2. Guilty Plea with a Plea Agreement – When the District Attorney and the Defense Attorney agree to plea guilty in exchange for a recommended sentence, a Plea Bargain occurs. Here the Judge simply considers whether to accept the agreed to sentence or reject it. If agreed, the sentence becomes final.
  3. Guilty Plea without an Agreement – Although a situation may occur where the District Attorney and the Defense Attorney cannot agree to terms, a Defendant still may plea ‘open’ to charges before the Court. When this occurs the Defendant pleads Guilty and, instead of agreeing to terms of a sentence, has the Judge decide the sentence in the case.

 

2. Jury Trial or Bench Trial

  1. If the Defendant denies involvement in the matter and chooses to have a trial it is of the utmost importance that they be sure that they are going into battle with the correct attorney. The correct attorney can make a difference between walking out the door as a free person or as an incarcerated individual and during the trial is not the time to determine whether your attorney is ready to go to battle for you.
  2. A Bench Trial is where the fact-finding is decided by the Judge. Rather than picking a Jury of one’s peers, the Defendant and his attorney present the facts in the case to the Judge who renders a verdict.
  3. A Jury Trial is where the fact-finding is decided by a Jury consisting of members of the community who hear the facts of the case. At the trial a decision will be reached as to the innocence or guilt of the Defendant. Unlike a plea-bargained settlement which completes the case prior to trial, a trial introduces risk for both the prosecution and defense. Neither side knows which side will win. The trial begins with the prosecution’s opening statement. The Defense Attorney may also present an opening statement at this time. The Prosecutor presents his case to support the charges and then rests. The Defense Attorney presents his case to refute the charges and then rests. Closing arguments by both the prosecution and defense conclude the presentation part of the trial. The jury then deliberates innocence and guilt.

 

3. Dismissal by Commonwealth

  1. In rare instances, the Commonwealth (the formal name for the prosecutor) may find itself in a situation where key evidence is lacking in a case.  Whether it be a missing witness, mistake as to the actual evidence or even incorrect interpretation of the law, the Commonwealth attorney may decide to dismiss a case in the ‘interest of justice’ rather than see it through to trial. By filing a motion, The Commonwealth attorney may move to dismiss a charge rather than seek prosecution.
  2. Sometimes dismissal may be on condition of payment of Court Costs or Restitution (monetary damages) to the Victim, but such an opportunity to see charges dismissed is a rare but welcomed event.

 


Stage 6 – Sentencing by the Court

  1. Once either the guilty plea has been entered or the Defendant has been found guilty in Court, the Judge will be left to impose a sentence and apply a fine and costs of the prosecution on the Defendant at is what is called a sentencing hearing. Witnesses are generally allowed to speak, requesting either a lighter or stiffer sentence. The Defendant may make a statement to the court prior to the Court imposing its sentence.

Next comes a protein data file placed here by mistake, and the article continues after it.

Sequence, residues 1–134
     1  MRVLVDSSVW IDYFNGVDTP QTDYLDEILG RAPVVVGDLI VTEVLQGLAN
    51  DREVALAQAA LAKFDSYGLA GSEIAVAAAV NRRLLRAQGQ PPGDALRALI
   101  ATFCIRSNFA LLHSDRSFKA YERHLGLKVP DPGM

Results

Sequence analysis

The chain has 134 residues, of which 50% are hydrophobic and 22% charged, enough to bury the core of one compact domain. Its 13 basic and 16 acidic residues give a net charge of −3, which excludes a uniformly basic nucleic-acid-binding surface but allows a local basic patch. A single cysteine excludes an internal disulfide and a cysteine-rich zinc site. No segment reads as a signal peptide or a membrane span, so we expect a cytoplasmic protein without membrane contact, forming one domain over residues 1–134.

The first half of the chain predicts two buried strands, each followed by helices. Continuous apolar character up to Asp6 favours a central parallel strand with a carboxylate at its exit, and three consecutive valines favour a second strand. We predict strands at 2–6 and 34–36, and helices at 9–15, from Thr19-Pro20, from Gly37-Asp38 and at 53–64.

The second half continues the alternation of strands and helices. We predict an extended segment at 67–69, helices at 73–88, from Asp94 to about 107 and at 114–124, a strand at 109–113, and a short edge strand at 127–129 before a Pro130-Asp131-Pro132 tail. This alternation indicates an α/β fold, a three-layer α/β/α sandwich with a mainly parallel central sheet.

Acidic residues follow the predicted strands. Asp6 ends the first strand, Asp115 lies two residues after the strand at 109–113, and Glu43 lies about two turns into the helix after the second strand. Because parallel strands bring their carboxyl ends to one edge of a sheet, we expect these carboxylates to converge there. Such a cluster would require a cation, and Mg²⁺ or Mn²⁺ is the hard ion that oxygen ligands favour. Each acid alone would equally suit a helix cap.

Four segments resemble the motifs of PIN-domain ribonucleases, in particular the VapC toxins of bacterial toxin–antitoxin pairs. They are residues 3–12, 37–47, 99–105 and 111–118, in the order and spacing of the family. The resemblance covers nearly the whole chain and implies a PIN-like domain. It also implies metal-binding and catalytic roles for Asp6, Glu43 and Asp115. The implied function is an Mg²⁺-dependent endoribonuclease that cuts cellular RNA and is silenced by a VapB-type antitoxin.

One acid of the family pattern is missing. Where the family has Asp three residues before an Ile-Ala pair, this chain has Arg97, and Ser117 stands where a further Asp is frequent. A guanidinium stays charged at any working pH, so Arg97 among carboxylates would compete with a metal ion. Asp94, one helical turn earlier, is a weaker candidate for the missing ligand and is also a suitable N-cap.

2. If the Defendant and his Attorney have agreed with the Commonwealth Attorney as to a plea agreement or terms of sentence in a case, the Judge simply decides on whether he will accept the sentence agreed to between the parties or not.  This is most often the most desirable route to explore in the disposition of a case since the Defendant is aware of his actual sentence before he enters into to it.
  3. If a Jury Trial results in a guilty verdict, or if the Defendant has pled guilty without an agreement by the District Attorney as to sentence; the Judge will determine the sentence imposed on the Defendant. The Court may order a Pre-Sentence investigation to further consider the Defendant’s background or proceed immediately to a sentence in the matter.
  4. With the exception of mandatory sentences, Pennsylvania Judges are required to follow specific sentencing guidelines in every case. Sentence guidelines are based on the seriousness of the present offense and the prior record of the Defendant.
  5. Factors such as no criminal history, a good public record, and professional or personal responsibilities may persuade the judge to provide a lighter or heavier sentence.
  6. A sentence can consist of a Incarceration, Probation or a combination of the two. Fines, court costs and restitution for the Victim of the crime will also be imposed. Unless a sentence deferral is approved by the Court, incarceration usually occurs immediately following the sentence of the Court. Defendants are incarcerated at the County Prison for less serious offenses, or at a State Correctional Facility for more serious crimes where a sentence of a year or more is imposed.
  7. All Defendant’s facing a sentence of the Court are given their post-sentence rights, including appeal to the Superior Court of Pennsylvania prior to or upon completion of their sentence.

 

Contact Miller Lyden P.C. today to help you through the criminal court process.